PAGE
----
may in fact be the last piece of sanity holding this crazy
         world together—thank you for your tireless fights for the
         truth. Chayden Bates, who is hiding out, but quietly plotting
         to take over the world and may very well succeed. Tom An-
         tion, Tom Wood, Mike Filsaime, Russell Brunson, Josh An-
         derson, Shawn Casey, Brett Rademacher, Kimberly Gordon,
         Craig Perrine, Rob Fighter, Michel Fortin, Jim Fleck, Ankesh
         Kothari, Nick Temple, Frank Mullen, and Corey Rodl may he
         rest in peace.

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                   Next to some various friends in business . . . Otto von
              Schulze, the president of the American Conservatory of Mu-
              sic, thanks for your friendship and for sharing your vision
              for the future. Mary Mazullo, thanks for your unending kind-
              ness and for being such a shining example. The good folks
              at Waymaker—may your noble vision soon become a real-
              ity. Richard Webster who has proven himself to be a great
              friend and a stalwart defender of all loud-mouthed self-
              promoters everywhere. The New Zealand Society of Au-
              thors, every one of whom I hope will some day have #1
              best-sellers “the real way” or otherwise. To my dance teacher
              Claudia, you have made me a better person.

                   All of the old Aesop crew, most notably Virginia, Tom,
              Kevin, Tannaz, Tony, and Rooein (the ones who were there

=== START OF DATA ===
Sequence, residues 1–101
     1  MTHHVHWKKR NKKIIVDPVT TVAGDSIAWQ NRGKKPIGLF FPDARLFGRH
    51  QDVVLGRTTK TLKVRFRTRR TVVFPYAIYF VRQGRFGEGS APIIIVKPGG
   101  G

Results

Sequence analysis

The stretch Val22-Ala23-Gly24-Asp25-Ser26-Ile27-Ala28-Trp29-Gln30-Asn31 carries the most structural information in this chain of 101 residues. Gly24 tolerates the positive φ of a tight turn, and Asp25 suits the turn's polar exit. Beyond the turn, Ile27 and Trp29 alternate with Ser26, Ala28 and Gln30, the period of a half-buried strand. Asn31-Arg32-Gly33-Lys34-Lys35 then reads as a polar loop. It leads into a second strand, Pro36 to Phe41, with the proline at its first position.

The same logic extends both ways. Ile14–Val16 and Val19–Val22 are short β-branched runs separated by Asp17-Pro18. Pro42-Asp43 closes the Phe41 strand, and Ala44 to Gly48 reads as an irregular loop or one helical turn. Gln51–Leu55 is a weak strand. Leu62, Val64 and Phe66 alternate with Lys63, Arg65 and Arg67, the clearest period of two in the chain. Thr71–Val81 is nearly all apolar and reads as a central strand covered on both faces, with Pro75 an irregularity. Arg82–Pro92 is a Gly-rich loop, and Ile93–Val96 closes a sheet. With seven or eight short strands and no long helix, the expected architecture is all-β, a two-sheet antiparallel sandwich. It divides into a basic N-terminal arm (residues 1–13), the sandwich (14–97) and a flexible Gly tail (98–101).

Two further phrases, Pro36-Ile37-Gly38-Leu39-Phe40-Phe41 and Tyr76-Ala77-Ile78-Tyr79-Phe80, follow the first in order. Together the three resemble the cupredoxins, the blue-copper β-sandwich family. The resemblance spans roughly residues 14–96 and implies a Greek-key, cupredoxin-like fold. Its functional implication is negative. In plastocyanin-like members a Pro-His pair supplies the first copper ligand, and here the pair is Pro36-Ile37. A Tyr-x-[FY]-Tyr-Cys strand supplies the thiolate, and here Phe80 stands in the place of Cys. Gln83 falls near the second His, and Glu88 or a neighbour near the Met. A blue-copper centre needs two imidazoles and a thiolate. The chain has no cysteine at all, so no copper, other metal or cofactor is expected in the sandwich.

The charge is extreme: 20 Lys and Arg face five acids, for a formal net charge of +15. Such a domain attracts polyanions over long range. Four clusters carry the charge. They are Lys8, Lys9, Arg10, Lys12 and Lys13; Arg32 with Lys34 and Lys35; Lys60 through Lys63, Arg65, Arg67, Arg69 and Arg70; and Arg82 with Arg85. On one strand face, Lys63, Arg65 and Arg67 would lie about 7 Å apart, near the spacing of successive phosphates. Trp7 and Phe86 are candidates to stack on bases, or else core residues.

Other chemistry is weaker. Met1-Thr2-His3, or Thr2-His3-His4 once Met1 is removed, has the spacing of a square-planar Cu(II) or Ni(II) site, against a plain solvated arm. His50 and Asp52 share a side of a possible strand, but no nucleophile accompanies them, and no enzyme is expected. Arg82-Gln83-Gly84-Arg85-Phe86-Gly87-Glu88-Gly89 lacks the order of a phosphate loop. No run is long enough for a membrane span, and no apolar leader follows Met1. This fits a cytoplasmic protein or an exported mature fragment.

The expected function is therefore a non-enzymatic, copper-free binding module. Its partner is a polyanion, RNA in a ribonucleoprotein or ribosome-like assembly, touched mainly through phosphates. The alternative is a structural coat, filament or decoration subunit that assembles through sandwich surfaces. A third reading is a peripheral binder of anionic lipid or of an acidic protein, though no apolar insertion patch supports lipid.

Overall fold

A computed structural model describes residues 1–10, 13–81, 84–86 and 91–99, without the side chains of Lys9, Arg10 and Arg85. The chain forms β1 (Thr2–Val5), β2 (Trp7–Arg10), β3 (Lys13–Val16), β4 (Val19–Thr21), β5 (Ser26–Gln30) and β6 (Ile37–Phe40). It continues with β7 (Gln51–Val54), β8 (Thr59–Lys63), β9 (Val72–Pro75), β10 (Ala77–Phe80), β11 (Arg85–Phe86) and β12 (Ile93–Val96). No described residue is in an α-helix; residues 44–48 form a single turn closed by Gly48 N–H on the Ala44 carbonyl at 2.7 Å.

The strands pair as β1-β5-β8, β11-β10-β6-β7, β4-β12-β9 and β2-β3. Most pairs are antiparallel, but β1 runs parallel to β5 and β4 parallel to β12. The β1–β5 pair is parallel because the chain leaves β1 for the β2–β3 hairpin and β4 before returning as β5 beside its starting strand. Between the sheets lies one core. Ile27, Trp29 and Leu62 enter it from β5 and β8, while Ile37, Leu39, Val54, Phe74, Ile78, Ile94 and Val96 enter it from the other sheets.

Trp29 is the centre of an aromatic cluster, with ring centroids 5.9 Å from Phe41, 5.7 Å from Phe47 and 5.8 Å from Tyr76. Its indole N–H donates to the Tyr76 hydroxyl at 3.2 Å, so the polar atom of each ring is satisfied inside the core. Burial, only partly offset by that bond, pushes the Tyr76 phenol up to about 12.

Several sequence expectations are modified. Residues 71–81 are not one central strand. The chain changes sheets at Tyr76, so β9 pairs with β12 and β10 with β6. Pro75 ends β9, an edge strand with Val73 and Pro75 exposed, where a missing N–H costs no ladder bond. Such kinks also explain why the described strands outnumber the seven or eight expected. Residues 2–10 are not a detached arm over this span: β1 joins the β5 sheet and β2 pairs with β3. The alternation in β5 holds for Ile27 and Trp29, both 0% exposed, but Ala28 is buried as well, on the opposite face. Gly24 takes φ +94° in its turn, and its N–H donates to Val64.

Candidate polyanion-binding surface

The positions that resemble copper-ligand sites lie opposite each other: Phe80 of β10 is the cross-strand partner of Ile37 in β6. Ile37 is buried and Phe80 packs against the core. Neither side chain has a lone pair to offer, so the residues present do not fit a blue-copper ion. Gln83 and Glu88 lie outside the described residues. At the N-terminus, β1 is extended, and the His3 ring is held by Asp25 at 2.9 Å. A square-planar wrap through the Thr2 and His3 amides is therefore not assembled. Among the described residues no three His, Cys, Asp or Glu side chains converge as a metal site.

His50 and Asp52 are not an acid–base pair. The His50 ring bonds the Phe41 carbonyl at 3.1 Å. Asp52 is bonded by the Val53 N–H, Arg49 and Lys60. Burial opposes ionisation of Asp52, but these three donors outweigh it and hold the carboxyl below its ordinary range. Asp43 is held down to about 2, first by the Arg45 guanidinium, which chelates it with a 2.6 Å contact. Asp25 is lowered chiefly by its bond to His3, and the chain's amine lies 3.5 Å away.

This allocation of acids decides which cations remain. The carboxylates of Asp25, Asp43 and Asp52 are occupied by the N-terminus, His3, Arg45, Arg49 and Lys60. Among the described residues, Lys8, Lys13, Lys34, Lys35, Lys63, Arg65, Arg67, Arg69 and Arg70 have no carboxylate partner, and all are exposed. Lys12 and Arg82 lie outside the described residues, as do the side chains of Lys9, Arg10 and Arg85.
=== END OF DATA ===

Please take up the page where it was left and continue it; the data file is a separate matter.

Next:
all the way to the end).

                 My real-world friends and family (many of the above
              should be in this list, but I’m a sucker for organization): Jim
              and the two Sarahs, Brande, Brook, Morgan, Bowen, Dad,
              Mom (may she rest in peace), Sam and Belinda, Carolyn and
              Vernon, Lisa; John; Erica and Kylie, Joe, Beth, Mike, Brad,
              Nichole, Harry; Graciella and Christian, Kerensa and Phil,
              Mark; Christine; Anna; and Lindsey, Jim and Elizabeth, Mr.
              and Mrs. Dimo, Sun and John, Sue Hyun, and many others.

                  To the people who have helped make this book possi-
              ble on a very practical level: the staff at Wiley, Matt, Tamara,
              Shannon, Michelle, and others. Thank you for your incredi-
              ble patience, support, and encouragement. You are the true
              professionals. To the incomparable Bill Plympton for bless-
              ing me with the superb cover art for this book.

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             A special thanks to the priests of the Blessed Sacrament
          Catholic Church in Los Angeles who inspired me in my
          darkest days.

              My bookkeeper Lili. You and your family have always
          been by my side during the greatest triumphs and the seem-